It is not an accident that there should have been given to humanity and the dental profession the Thomas W. Evans Museum and Dental Institute for teaching and research. It is the logical sequence to mental and moral development as they relate to the great problems of human health and happiness, and it is only

index to other great unfoldings that will come from the hearts of the men serving in the healing professions and those in the laity equally devoted to the betterment of humanity. There is little doubt that the next decade or two will see many such munificent gifts to the dental profession and humanity as the splendid Thomas W. Evans Museum and Dental Institute for research and the Forsyth Dental Infirmary for children. These expressions of the unfolding of the hu

man heart are only exceeded in significance by the large number of individual gifts, entailing as they do a real personal sacrifice, which are being given daily by the members of the dental profession from all over this country. They are giving until it hurts for the support of dental researches, because they are inspired by the same motive and the same confidence, namely, the love of truth and its reconstructing power. The question for the members of the dental profession to ask themselves, as they look upon this splendid institution, is “Am I a part of this great psychological moment?"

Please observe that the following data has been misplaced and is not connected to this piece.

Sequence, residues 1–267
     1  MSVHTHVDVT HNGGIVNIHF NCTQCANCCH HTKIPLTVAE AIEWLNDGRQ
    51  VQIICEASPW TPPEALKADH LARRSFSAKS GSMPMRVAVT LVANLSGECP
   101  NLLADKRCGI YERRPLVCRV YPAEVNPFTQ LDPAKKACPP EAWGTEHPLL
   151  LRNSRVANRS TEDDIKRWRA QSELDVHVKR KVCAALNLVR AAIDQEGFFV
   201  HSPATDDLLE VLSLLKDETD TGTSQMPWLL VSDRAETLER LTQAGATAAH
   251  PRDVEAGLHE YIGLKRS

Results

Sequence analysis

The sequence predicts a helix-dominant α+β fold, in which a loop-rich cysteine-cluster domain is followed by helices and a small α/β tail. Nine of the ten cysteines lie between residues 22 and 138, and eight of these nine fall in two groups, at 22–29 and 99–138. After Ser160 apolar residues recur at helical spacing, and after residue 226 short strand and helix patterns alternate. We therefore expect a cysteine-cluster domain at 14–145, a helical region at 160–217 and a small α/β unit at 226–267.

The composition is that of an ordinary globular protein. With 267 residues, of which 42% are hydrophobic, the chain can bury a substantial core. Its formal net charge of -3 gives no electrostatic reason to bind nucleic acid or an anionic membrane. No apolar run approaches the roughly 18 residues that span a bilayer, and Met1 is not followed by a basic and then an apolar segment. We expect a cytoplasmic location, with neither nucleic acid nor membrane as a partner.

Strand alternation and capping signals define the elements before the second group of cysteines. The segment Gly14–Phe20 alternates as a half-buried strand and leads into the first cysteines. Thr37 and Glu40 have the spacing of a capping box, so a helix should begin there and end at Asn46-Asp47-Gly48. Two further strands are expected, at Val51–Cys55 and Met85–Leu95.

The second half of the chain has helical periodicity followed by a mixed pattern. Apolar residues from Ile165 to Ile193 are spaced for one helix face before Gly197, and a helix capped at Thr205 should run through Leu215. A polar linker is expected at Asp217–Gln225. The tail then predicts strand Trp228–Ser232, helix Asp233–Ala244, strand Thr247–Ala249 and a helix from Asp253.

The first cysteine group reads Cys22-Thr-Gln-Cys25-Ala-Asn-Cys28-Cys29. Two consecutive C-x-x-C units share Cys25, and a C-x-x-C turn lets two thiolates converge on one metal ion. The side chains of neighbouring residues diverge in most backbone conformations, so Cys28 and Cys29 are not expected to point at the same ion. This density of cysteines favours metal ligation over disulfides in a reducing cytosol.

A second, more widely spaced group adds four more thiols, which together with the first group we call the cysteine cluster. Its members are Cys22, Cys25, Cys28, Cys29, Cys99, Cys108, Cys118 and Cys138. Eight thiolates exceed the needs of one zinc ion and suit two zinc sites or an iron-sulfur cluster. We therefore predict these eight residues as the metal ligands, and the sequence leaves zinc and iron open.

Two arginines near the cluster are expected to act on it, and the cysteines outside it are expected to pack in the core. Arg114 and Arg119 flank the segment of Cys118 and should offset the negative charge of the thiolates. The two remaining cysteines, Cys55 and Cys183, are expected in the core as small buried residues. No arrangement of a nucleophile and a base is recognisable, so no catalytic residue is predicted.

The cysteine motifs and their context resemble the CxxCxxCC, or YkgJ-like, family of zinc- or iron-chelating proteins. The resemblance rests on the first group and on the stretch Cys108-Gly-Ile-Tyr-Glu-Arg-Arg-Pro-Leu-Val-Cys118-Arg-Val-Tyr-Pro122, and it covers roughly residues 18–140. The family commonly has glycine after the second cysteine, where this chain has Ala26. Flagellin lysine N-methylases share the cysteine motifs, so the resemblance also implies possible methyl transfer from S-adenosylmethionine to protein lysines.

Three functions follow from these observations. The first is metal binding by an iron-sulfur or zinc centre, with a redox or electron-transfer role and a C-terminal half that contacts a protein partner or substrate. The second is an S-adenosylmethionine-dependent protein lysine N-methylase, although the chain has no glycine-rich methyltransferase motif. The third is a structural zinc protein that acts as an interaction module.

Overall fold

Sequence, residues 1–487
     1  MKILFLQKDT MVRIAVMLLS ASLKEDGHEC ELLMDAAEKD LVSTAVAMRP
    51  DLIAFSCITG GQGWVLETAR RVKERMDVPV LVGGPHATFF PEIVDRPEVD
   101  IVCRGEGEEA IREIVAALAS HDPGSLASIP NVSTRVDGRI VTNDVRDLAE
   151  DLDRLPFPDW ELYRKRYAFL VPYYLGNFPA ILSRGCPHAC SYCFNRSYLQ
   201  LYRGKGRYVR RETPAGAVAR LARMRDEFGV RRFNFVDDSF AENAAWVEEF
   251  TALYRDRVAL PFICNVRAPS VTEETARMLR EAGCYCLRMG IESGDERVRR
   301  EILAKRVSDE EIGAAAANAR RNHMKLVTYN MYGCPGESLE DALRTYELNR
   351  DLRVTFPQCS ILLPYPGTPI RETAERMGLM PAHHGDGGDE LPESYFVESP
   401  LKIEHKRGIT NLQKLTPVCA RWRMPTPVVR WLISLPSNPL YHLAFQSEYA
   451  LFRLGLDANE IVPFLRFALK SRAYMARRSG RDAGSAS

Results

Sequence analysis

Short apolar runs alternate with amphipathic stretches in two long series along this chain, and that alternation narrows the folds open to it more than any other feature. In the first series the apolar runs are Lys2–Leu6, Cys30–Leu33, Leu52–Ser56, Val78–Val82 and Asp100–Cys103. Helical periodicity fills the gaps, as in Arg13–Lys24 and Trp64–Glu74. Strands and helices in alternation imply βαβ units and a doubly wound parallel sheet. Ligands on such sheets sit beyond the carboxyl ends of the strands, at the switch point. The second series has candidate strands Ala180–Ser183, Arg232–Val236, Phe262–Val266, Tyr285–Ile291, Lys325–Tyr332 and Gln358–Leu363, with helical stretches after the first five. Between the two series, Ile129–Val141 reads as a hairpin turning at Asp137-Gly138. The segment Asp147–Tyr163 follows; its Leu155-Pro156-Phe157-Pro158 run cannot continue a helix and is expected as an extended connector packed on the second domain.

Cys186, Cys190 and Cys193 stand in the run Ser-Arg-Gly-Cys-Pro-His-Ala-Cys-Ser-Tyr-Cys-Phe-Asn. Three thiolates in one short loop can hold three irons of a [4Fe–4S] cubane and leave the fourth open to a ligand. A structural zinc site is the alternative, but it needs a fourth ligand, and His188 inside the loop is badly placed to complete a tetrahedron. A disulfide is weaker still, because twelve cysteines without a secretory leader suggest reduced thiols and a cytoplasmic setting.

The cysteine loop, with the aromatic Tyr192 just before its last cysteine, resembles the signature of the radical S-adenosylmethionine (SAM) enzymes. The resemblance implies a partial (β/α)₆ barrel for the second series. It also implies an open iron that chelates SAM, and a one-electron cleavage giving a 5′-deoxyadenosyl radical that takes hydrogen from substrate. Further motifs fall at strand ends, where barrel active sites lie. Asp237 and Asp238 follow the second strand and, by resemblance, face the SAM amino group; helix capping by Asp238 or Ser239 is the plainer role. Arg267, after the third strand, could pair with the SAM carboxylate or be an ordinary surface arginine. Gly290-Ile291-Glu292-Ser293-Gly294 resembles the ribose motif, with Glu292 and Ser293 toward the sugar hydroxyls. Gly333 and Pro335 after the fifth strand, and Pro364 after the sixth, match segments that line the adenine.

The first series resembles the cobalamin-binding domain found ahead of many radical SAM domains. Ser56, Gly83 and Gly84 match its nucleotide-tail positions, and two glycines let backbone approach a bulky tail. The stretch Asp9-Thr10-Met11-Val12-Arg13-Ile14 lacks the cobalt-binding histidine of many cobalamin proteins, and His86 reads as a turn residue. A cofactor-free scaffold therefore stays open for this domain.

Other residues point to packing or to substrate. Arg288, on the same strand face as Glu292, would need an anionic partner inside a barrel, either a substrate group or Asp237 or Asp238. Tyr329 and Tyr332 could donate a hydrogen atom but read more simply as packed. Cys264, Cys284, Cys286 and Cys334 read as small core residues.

The members of the Scientific Foundation and Research Commission of the National Dental Association unite in the chorus of joy and appreciation that this splendid building has been made a reality, and we congratulate the profession that it has such a leader as Dr. Kirk, who, had he not had a vision and been a part of this great psychological moment, could not have put in so perfect concrete form this superb expression of human progress.